Section 177 IPC-Dhara 177-Dafa-Furnishing false information 


Translate

Share With Friends

DabangVakil
Academic Blog Directory Visit blogadda.com to discover Indian blogs Academics Top  blogs Academics Blogs
Academics
My Zimbio Blogs lists and reviews Blogarama - The Blog Directory

Section 177 of IPC(Indian Penal Code)-Dhara-Dafa-
Furnishing false information

Whoever, being legally bound to furnish information on any subject to any public servant, as such, furnishes, as true, information on the subject which he knows or has reason to believe to be false, shall be punished with simple imprisonment for a term which may extend to six months, or with fine which may extend to one thousand rupees, or with both;

or, if the information which he is legally bound to give respects the commission of an offence, or is required for the purpose of preventing the commission of an offence, or in order to the apprehension of an offender, with imprisonment of either description for a term which may extend to two years, or with fine, or with both.

Illustrations

(a) A, a landholder, knowing of the commission of a murder within the limits of his estate, willfully misinforms the Magistrate of the district that the death has occurred by accident in consequence of the bite of a snake. A is guilty of the offence defined in this section.

(b) A, a village watchman, knowing that a considerable body of strangers has passed through his village in order to commit a dacoity in the house of Z, a wealthy merchant residing in a neighbouring place, and being being bound under clause 5, section VII, 1[Regulation III, 1821], of the Bengal Code, to give early and punctual information of the above fact to the officer of the nearest police-station, willfully misinforms the police-officer that a body of suspicious characters passed through the village with a view to commit dacoity in a certain distant place in a different direction. Here A is guilty of the offence defined in the later part of this section.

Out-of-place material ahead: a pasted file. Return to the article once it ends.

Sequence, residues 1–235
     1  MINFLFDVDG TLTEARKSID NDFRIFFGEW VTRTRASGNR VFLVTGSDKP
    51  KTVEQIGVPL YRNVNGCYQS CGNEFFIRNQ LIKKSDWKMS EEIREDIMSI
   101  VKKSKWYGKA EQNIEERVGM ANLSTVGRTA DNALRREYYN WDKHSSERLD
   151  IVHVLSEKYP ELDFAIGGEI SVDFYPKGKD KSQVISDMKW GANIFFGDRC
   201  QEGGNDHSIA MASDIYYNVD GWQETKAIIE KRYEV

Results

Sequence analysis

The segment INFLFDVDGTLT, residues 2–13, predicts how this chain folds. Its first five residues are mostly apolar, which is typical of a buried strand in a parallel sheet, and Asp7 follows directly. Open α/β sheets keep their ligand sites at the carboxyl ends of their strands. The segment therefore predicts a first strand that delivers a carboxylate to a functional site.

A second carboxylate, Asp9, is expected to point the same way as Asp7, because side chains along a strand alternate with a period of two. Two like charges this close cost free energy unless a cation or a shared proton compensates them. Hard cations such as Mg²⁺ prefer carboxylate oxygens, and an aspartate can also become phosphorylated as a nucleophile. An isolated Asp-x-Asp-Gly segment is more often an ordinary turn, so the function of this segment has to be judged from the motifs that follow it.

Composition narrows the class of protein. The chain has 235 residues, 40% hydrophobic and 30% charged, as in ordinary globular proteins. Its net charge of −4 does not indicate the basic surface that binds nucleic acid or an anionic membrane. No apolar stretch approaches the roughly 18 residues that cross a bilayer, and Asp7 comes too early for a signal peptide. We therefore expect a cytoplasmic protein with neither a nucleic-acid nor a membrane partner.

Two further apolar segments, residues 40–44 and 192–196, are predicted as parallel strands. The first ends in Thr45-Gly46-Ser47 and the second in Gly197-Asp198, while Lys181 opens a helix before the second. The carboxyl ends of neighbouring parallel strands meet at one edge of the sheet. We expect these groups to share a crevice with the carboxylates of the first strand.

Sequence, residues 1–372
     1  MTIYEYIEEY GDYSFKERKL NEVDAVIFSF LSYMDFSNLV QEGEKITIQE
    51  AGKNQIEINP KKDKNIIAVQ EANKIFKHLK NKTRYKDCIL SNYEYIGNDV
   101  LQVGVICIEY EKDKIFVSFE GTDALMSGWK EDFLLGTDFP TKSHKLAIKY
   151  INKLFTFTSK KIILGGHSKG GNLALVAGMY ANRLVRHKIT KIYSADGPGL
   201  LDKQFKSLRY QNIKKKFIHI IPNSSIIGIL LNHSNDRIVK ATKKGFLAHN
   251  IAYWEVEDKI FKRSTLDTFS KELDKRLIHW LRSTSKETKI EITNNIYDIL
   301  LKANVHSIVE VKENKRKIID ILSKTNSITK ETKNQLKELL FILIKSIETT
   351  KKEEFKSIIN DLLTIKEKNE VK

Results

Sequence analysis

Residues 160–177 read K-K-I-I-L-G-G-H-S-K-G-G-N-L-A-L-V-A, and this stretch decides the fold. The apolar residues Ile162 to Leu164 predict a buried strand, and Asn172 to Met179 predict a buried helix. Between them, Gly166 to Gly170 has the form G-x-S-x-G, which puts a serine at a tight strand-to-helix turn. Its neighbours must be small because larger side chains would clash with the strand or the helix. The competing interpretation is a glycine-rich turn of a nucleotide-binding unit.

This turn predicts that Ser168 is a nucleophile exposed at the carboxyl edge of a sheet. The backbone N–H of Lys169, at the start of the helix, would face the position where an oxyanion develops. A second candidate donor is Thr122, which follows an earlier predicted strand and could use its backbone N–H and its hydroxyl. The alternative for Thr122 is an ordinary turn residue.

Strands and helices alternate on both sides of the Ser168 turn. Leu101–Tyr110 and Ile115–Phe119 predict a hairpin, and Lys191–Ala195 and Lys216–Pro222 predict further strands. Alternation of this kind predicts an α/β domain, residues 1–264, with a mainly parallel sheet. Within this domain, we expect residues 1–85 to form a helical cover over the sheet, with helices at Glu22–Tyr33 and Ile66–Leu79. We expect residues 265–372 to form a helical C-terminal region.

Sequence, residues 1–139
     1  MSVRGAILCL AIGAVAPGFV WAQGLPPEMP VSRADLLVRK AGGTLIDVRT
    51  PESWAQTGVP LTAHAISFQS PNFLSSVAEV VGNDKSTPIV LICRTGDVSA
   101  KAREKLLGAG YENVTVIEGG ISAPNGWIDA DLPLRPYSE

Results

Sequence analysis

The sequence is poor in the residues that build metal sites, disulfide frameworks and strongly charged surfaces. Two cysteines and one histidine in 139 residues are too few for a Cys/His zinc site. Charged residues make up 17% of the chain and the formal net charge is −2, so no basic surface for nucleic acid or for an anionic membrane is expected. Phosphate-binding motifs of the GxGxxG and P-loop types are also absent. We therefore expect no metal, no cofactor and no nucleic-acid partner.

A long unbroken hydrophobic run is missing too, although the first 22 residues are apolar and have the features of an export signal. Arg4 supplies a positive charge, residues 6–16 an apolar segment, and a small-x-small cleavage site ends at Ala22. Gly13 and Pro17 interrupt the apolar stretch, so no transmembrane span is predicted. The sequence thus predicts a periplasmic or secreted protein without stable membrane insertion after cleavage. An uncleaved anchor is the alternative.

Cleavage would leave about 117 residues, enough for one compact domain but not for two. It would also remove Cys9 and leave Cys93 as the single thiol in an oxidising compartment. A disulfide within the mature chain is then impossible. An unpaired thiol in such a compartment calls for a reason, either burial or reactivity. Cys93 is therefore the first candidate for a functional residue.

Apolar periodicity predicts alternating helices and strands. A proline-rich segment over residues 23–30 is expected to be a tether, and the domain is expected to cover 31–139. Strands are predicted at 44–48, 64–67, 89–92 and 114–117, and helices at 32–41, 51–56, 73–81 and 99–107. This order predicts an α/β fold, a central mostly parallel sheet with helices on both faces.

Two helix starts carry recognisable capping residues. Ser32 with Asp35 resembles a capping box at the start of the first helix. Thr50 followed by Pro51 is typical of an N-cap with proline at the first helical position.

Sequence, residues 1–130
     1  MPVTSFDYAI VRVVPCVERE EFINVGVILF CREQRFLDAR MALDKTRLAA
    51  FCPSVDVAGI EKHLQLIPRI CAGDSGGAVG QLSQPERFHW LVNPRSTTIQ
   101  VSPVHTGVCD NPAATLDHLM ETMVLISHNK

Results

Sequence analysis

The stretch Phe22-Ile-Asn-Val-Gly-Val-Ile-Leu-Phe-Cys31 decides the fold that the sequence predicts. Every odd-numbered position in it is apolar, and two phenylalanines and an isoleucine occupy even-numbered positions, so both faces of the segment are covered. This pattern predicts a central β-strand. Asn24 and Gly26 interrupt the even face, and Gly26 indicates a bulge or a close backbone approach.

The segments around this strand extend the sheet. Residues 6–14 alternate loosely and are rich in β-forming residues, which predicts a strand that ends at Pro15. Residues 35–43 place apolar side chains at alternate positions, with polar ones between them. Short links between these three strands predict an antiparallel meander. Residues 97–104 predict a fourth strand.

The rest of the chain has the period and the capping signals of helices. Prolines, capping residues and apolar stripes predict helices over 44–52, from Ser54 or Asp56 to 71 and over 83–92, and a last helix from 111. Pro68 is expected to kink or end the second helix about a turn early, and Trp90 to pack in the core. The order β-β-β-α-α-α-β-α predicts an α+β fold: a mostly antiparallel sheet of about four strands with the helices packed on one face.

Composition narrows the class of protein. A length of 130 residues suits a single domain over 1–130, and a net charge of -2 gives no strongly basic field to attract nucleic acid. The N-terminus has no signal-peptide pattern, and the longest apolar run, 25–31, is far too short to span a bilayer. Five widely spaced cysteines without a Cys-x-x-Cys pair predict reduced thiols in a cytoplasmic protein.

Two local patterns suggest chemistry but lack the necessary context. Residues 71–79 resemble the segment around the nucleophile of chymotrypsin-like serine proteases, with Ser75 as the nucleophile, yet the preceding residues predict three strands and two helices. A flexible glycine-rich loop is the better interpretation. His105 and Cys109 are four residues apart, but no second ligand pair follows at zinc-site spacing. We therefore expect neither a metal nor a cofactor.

2Explanation

In section 176 and in this section the word “offence” includes any act committed at any place out of 3[India], which, if committed in 3[India], would be punishable under any of the following sections, namely, 302, 304, 382, 392, 393, 394, 395, 396, 397, 398, 399, 402, 435, 436, 449, 450, 457, 458, 459 and 460; and the word “offender” includes any person who is alleged to have been guilty of any such act.

CLASSIFICATION OF OFFENCE

Para I

Punishment—Imprisonment for 6 months, or fine of 1,000 rupees, or both—Non-cognizable—Bailable—Triable by any Magis­trate—Non-compoundable.

Para II

Punishment—Imprisonment for 2 years, or fine, or both—Non-cognizable—Bailable—Triable by any Magistrate—Non-compound­able.

---------------------

1. Rep. by Act 17 of 1862.

2. Added by Act 3 of 1894.

3. The words “British India” have successively been subs. by the A.O. 1948, the A.O. 1950 and Act 3 of 1951, sec. 3 and Sch. to read as above.

Meaning and definitions of the terms used in the section description and classification of Indian Laws:

Cognizable offences : As defined in first schedule of Code of Criminal Procedure, a cognizable offence is a criminal offence in which the police is empowered to register an FIR, investigate, and arrest an accused without a court issued warrant.
Non-Cognizable offence : A non-cognizable offence is an offence in which police can neither register an FIR, investigate, nor effect arrest without the express permission or directions from the court.
Compoundable offence : Compoundable offence is permitted to settle before the court.
Non-compoundable : Non-compoundable is not permitted to settle before the court.